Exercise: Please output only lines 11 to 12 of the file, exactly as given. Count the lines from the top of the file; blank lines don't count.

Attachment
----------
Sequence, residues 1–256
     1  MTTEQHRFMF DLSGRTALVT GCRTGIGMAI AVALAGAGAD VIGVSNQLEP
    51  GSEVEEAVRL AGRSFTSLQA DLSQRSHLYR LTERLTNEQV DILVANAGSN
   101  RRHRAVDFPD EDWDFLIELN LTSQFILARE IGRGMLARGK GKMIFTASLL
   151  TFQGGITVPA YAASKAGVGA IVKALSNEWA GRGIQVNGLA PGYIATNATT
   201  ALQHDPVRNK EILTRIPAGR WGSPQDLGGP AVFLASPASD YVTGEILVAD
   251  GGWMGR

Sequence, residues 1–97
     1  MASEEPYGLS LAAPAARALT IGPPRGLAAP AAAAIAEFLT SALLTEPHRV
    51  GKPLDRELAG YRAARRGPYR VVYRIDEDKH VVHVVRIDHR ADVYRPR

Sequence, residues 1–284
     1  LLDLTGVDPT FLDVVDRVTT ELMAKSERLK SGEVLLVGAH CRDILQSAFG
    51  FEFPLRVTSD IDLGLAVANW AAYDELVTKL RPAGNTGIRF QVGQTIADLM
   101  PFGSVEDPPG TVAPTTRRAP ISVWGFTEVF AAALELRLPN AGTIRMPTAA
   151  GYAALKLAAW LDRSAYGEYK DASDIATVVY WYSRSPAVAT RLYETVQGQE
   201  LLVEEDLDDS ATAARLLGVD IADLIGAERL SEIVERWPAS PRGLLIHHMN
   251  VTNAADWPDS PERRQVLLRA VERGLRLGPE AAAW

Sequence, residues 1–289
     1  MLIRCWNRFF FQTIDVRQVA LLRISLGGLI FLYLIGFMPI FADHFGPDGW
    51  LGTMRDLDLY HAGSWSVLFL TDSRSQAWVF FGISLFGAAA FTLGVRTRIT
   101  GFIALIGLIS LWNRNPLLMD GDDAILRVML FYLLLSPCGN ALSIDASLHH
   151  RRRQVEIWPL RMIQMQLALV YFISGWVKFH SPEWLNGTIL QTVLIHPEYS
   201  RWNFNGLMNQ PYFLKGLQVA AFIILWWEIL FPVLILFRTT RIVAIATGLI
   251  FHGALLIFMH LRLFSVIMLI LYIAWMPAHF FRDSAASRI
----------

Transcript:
Sequence, residues 1–284
     1  LLDLTGVDPT FLDVVDRVTT ELMAKSERLK SGEVLLVGAH CRDILQSAFG